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Echoes from the Backyard
Posted Mar 27, 2006 Print Version     Page 1of 1
  

The 4EVER Group's inaugural convention, Video 06, was by all reports an unqualified success. And even though I spent most of my time behind the scenes, I still managed to learn more that week than I would have thought possible. Here are a few highlights, in no particular order or validity:


The "Godfather of Wedding Video" deserves a "genuine" label: From his opening-day introduction of "America's video sweethearts" (Tim Ryan and Steve Wernick) to his lively and insightful quips during the HD panels, John Goolsby works a room with a cool grace that is both inspiring and entertaining. But one thing struck me more than anything else: his sincerity.

Katrina victims persevere: For me, the most heartwarming moment was the arrival of Terry Taravella and Julian St. Pierre of New Orleans' Studio Vieux Carré (formerly Custom Video by Terry). Of course, we've known for months that this dynamic duo, along with Joe Taravella (who's an integral member of the production team), managed to make it through Hurricane Katrina. But just being able to wrap my arms around my friends made it more real. Their seminar, Preparing for Catastrophe, described by Julian as a visual and oral documentary about the ordeal and its aftermath, was one the most tightly packed rooms of the whole convention, no doubt a testament to Terry and Julian's open and hospitable nature and the respect they've won from their peers. Those in attendance were floored by the behind-the-scenes documentary coverage of one videographer's decision to stay behind and ride it out.

Show me the money: In the opening paragraphs of this article, I made passing reference to "validity." What I meant by that is illustrated with a quote from Bonnie Durkin's session, Capture the High School Market: "I don't ever want you to forget your labor. This is the major, number one thing that videographers do wrong. You have to be paid for your labor." If there has ever been a more valid statement made about event videographers and how we regard our own abilities and efforts, I haven't heard it.

Return of the king: For far too long, Robert Allen, king of the 30-minute edit, has been benched, denying a whole new generation of event videographers the wry, insightful perspective of this master craftsman. Video 06 allowed Robert to step up and hit a home run, with not only his standing room-only presentation, Flying Solo, but also his participation on both HD panels. Robert's anecdote about the value of napkins is an audience favorite, and the story itself (inseparable from the way he tells it) has become legendary. To paraphrase, the next time you have a bride over, find out what she is spending on her napkins and other table linens (including chair covers) or centerpieces. Compare that to what you are charging for something she'll still treasure in 25 years and ask yourself, "Am I charging enough?" It's good to have you back, Robert.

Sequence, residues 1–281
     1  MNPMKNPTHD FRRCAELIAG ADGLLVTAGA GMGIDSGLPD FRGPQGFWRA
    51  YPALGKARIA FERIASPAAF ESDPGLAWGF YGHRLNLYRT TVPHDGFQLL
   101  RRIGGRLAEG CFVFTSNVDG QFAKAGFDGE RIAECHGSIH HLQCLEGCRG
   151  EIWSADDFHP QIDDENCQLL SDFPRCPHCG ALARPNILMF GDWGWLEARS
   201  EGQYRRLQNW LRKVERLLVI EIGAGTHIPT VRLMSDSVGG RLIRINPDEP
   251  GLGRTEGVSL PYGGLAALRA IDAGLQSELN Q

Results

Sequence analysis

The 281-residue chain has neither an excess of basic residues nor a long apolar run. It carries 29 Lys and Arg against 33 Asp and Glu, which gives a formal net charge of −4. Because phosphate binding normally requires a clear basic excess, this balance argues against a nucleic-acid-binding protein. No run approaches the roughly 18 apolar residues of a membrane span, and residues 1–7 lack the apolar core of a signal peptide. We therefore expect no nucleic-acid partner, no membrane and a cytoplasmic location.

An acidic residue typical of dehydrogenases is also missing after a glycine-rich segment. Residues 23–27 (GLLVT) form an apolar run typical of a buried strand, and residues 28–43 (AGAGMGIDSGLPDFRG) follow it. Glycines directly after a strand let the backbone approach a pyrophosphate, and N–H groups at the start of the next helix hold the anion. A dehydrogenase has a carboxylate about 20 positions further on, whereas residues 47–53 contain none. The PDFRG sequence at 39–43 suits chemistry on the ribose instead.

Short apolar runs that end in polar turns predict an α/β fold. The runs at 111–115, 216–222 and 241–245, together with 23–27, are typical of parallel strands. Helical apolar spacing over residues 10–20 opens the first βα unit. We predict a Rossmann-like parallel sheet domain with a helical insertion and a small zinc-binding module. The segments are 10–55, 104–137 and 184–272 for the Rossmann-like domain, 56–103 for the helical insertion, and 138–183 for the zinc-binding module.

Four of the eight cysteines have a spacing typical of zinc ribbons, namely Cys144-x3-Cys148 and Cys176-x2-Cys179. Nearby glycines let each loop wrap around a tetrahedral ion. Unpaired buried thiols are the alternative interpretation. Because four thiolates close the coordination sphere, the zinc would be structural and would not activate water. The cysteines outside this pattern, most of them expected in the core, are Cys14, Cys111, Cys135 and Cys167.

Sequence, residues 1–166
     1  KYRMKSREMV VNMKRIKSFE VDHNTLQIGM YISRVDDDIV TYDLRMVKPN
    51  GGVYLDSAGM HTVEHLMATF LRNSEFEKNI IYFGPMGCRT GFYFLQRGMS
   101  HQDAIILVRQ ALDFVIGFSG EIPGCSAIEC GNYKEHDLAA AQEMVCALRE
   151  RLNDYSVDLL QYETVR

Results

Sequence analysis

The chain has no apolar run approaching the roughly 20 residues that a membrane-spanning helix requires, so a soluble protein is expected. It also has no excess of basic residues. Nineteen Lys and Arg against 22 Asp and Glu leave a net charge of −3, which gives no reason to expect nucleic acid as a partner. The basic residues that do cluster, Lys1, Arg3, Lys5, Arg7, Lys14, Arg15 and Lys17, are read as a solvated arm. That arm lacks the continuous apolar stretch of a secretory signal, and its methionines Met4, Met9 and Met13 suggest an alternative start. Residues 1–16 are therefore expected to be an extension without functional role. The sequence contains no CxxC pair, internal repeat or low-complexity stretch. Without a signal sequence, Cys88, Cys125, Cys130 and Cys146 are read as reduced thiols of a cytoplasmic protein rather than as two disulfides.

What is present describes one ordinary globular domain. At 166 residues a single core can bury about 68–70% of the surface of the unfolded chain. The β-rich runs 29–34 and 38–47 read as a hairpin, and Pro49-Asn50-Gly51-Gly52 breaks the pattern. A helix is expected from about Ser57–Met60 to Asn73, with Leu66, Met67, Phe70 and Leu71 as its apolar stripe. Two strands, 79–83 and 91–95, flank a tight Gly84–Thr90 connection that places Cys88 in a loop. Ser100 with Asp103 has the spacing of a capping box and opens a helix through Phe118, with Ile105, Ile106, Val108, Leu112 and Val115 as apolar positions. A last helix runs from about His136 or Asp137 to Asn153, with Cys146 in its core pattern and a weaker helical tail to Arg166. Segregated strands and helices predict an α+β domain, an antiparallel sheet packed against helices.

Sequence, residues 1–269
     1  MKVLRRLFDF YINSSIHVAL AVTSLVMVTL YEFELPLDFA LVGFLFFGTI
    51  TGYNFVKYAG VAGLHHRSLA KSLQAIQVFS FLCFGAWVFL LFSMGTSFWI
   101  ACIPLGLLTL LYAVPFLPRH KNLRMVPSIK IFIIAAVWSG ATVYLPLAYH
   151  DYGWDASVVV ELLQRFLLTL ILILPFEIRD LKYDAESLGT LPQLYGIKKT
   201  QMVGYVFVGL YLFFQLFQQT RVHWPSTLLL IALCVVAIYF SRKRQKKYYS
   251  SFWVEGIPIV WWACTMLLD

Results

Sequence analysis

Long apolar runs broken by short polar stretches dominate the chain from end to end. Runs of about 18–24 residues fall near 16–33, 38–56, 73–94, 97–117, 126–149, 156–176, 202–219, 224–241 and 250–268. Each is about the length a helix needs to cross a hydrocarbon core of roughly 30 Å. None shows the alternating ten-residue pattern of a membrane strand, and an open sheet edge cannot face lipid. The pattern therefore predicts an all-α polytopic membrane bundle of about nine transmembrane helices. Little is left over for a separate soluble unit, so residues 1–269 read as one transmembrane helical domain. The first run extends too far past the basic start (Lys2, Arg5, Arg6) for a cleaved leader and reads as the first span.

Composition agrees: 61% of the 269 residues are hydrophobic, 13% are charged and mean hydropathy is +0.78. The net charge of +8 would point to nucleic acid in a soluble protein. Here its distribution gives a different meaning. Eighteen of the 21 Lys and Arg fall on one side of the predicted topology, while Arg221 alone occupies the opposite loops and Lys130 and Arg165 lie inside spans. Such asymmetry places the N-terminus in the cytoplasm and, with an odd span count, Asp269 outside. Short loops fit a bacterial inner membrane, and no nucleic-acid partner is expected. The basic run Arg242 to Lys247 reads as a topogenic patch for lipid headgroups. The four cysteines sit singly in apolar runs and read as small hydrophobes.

Speaking of panels: Monday night's Artistic Achievement Awards banquet wasn't all fun and games, even though those EventDV 25 baseball caps were pretty sharp. At about the midway point they presented the Bobby Warns Memorial Tribute video. Produced by Darrell Boeck and Mark Lamkin of Creative Images, this video was awarded both the Diamond Award as well as Best in Show. As the video faded to black, there wasn't one person not on their feet in the longest standing ovation I've ever experienced. Two days later, Darrell sat on the Artistic Achievement Awards panel along with four of the five judges, discussing his approach to the creation of and response to their entry. The amazing thing was that this video was shot, edited, and posted online (for family and friends) in less than 36 hours. And Darrell and Mark had never produced a memorial video before. Today, with millions of viewings, the Bobby Warns Tribute has become a part of Marine Corps training in some camps. Do yourself a favor and check it out: www.bobbywarns.com.

To HD or not to HD, that is the question: Well, not really. HD is inevitable. That's a given. The question is when. Since Video 06, the answer might be sooner, rather than later. While the manufacturing industry is still duking it out over Blu-ray and HD-DVD, that's not stopping them from pushing HDV production tools. "You can tell your clients that you are going to shoot in high definition," said panelist Ken Freed from JVC. "If you don't need it now, that's fine. You can come back and get it on HD." This sentiment is echoed by many early adopters of the HD format. Shoot in HD. Edit in HD. Deliver today in SD and archive the final edit on a hard drive, waiting for the market to dictate which high-def DVD format will win. With hard-drive capacity priced at an all-time low, this method can easily be built into any profitable plan.

First-time presenters wow the audience: The Video 06 Convention was not just a return of familiar faces. Many new presenters were also on hand to share their experiences and insights. This wealth of "new" talent was best exemplified by Laura Randall's presentation on same-day edits. It was open and fluid, allowing for plenty of audience interaction. This was a theme that many of the first-timers carried through—not just a talking head behind a podium, reciting from a stale script, but a participant in a discussion inviting attendees to join in and ensure that the presentation met their own needs. In the words of one attendee, "I learned so much, it's going to take me months to digest it all." I suppose that's one good reason this convention comes but once a year.



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